In the rancorous debate over how to get the sluggish economy moving, we have forgotten the wisdom of Henry Ford. In 1914, not long after the Ford Motor Company came out with the Model T, Ford made the startling announcement that he would pay his workers unheard-of wage of $5 a day.
Not only was it a matter of social justice, Ford wrote, but paying high wages was also smart business. When wages are low, uncertainty dogs the marketplace and growth is weak. But when pay is high and steady, Ford asserted, business is more secure because workers earn enough to become good customers. They can afford to buy Model Ts.
This is not to suggest that Ford single-handedly created the American middle class. But he was one of the first business leaders to articulate what economists call “the virtuous circle of growth”: well paid workers generating consumer demand and that in turn promotes business expansion and hiring. Other executives brought his logic, and just as important, strong unions fought for rising pay and good benefits in contracts.
Riding the dynamics of the virtuous circle, America enjoyed its best period of sustained growth in the decades after World War II, from 1945 to 1973, even though income tax rates were far higher than today. It created not only unprecedented middle-class prosperity but also far greater economic equality than today.
The chief executives of the long postwar boom believed that business success and workers’ well being ran in tandem. Frank W. Abrams, chairman of Standard Oil of New Jersey, voiced the corporate mantra of “stakeholder capitalism”: the need to balance the interests of all the stakeholders in the corporate family.
Today the prevailing cut-to-the-bone business ethos means that a company like Caterpillar demands a wage freeze and lower health benefits from its workers, while posting record profits.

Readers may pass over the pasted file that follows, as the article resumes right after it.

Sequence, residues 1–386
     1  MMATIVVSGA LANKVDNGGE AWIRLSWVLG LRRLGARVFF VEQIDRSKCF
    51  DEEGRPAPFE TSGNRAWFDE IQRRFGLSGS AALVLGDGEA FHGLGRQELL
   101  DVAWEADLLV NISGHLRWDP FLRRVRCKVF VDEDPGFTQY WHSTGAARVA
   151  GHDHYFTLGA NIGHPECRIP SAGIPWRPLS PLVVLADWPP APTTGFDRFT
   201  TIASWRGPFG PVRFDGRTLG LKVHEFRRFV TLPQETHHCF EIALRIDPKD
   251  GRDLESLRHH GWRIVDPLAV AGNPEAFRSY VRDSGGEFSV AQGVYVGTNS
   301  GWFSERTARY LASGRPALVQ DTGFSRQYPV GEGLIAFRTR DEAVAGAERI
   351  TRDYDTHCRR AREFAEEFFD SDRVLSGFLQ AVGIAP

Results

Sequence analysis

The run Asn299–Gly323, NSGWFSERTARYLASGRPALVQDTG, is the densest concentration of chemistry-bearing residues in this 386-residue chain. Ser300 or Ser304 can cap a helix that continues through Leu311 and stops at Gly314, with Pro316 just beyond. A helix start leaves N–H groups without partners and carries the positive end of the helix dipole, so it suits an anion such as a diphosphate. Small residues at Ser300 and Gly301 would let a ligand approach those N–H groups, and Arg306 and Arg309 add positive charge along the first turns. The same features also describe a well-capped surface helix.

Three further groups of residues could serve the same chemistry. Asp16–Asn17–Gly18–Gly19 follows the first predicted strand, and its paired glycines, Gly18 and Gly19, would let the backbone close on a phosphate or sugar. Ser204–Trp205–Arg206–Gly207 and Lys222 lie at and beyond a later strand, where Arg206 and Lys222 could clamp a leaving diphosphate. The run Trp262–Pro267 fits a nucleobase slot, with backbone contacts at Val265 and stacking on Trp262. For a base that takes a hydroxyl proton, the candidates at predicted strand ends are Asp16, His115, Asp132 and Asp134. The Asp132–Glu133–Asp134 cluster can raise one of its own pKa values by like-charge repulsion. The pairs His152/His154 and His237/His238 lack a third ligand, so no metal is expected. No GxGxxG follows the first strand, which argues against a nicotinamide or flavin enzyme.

Globalization, including the rise of Asia, and technological innovation can’t explain all or even most of today’s gaping inequality; if they did, we would see in other advanced economies the same hyper concentration of wealth and the same stagnation of middle-class wages as in the United States. But we don’t.
In Germany, still a manufacturing and export powerhouse, average hourly pay has risen five times faster since 1985 than in the United States. The secret of Germany’s success, says Klaus Kleinfeld, who ran the German electrical giant Siemens before taking over the American aluminum company Alcoa in 2008, is “the social contract: the willingness of business, labor and political leaders to put aside some of their differences and make agreements in the national interests.”
In short, German leaders have practices stakeholder capitalism, while American business and political leaders have dismantled the dynamics of the “virtuous circle” in pursuit of downsizing, off shoring and short-term profit and big dividends of their investors.
Today, we are all paying the price for the shift. As Ford recognized, if average Americans do not have secure jobs with steady and rising pay, the economy will be sluggish. Since the early 1990s, we have been mired three times in “jobless recoveries.” It’s time for America’s business elites to step beyond political rhetoric about protecting wealthy “job creators” and grasp Ford’s insight: Give the middle class a better share of the nation’s economic gains, and the economy will grow faster. Our history shows that.